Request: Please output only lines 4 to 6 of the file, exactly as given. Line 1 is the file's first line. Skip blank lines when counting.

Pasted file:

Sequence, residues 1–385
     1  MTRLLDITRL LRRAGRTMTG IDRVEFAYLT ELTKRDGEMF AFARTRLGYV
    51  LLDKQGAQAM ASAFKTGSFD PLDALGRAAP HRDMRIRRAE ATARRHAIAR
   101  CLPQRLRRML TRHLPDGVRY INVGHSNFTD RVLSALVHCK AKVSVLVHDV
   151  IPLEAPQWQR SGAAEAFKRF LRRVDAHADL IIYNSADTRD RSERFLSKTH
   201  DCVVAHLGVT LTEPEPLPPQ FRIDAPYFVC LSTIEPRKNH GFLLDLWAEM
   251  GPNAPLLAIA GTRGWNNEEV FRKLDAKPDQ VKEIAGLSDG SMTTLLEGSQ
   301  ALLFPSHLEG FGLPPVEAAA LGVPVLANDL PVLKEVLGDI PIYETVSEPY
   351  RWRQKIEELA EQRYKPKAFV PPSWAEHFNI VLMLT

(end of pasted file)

   101  CLPQRLRRML TRHLPDGVRY INVGHSNFTD RVLSALVHCK AKVSVLVHDV
   151  IPLEAPQWQR SGAAEAFKRF LRRVDAHADL IIYNSADTRD RSERFLSKTH
   201  DCVVAHLGVT LTEPEPLPPQ FRIDAPYFVC LSTIEPRKNH GFLLDLWAEM